What to Read After… Look Up! 20/09/21
Publisher: Mondadori Libri
An epic wartime drama set in the USSR in 1941 about truth and what it means to be a hero.
Viktor and Nadia are 12-year-old twins. They live in Leningrad and share a diary; Nadia uses black ink, and Viktor red. When war breaks out the children are evacuated from the city before the bombs begin to drop. Nadia is assigned to train number 76, Viktor to train 77. Although separated, their diary entries continue. Viktor arrives at a collective farm in the Ural Mountains, 2000km from home, where he learns Nadia's train has been destroyed. Viktor is convinced she's still alive, believing he has a special connection with her so he'd know if she'd died, and sets out to find his sister. Many adventures await Viktor as the world he knows crashes down around him. Meanwhile Nadia is living in a fortress near Leningrad, trying to defend it from the advancing Germans, waiting for her brother. Little do the two know, but they're going to play a major role in the famous Siege of Leningrad and their diary will be used as evidence against them by the Secret Police, whose notes are scattered throughout the pages.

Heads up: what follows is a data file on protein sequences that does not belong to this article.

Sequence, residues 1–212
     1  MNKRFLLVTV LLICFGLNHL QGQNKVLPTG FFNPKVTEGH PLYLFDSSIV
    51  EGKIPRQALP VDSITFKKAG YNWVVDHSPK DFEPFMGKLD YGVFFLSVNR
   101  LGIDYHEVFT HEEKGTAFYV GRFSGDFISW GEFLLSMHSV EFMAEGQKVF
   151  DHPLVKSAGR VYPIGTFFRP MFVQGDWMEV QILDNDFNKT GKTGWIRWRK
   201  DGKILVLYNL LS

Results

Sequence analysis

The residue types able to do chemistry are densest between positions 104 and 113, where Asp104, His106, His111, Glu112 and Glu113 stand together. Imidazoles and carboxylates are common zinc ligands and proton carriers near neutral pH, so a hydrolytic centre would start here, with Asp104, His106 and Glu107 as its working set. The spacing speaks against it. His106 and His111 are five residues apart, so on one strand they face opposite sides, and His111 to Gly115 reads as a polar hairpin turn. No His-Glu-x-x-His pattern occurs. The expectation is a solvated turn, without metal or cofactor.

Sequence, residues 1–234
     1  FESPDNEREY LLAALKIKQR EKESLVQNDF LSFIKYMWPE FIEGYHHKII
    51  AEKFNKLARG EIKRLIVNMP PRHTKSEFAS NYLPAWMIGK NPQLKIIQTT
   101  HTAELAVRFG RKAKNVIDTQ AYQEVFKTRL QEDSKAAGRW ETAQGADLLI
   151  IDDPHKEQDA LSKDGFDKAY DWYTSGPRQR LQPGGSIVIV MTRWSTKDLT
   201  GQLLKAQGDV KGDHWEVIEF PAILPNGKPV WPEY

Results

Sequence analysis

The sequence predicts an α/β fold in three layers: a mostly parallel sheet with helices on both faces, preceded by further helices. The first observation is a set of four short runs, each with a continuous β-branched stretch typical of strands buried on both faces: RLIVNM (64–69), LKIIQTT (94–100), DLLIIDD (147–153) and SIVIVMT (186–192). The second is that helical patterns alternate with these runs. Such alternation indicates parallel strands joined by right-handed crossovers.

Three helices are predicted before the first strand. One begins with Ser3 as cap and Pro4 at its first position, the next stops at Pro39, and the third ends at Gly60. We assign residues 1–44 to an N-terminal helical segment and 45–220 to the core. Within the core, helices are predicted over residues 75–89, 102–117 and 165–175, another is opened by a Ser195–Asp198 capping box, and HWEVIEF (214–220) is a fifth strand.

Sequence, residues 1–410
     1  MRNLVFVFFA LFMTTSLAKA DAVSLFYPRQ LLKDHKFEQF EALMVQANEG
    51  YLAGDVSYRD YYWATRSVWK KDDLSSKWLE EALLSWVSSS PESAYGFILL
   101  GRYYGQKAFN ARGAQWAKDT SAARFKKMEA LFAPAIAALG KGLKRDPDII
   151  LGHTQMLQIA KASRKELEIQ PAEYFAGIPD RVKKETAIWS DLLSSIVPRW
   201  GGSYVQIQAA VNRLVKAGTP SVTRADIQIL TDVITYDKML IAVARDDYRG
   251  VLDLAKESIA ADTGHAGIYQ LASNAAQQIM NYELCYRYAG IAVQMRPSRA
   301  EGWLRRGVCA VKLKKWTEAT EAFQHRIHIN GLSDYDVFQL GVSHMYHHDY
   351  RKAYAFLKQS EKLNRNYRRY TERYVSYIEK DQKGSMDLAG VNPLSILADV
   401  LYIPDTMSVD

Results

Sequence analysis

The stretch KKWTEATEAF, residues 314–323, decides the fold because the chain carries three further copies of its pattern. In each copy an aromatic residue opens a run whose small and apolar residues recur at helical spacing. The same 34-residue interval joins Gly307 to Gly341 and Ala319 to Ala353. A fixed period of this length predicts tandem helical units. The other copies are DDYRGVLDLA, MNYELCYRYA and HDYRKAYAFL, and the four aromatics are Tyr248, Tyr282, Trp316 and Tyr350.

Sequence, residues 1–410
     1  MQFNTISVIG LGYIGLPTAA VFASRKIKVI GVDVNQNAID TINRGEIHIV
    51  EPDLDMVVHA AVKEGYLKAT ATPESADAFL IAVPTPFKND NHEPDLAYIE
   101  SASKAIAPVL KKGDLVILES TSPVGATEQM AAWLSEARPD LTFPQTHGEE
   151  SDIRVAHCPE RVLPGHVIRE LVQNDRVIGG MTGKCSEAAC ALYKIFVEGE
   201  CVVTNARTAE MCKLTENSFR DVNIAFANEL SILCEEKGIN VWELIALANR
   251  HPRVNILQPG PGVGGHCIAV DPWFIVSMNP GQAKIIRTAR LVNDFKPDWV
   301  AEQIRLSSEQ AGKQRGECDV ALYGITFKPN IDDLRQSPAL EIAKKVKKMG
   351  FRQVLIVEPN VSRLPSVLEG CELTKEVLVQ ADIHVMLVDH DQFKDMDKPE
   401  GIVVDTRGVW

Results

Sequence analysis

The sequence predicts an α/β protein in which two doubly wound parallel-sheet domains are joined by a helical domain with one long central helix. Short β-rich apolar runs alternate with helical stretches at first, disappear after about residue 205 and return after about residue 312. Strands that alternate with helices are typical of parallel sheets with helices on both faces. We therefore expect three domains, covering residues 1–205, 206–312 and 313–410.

Here's what our judges had to say:
"The epic historical backdrop never upstages the beating heart of this story, which is the love between a brother and a sister. Many layered, emotional, and yet told with a light touch that has you turning every page with your heart in your mouth. Outstanding." – Candy Gourlay
"Of all the submissions, this is the one I wanted to carry on reading the most. The structure to the novel is thrillingly clever and sure to delight readers, while the voices of the two main characters are extremely well written and really bring to life this important period in history." – Gary Powell
"An exciting and moving story told in diary form by 12 year old twins torn apart from each other and their parents during the Siege of Leningrad in World War 2. With chilling 'annotations' added by some dreaded agency of the Stalinist state the novel is utterly gripping and feels like an authentic, rich and yet accessible account of what it must have been like for children caught up in war with all the resonances that has today." – Elaine McQuade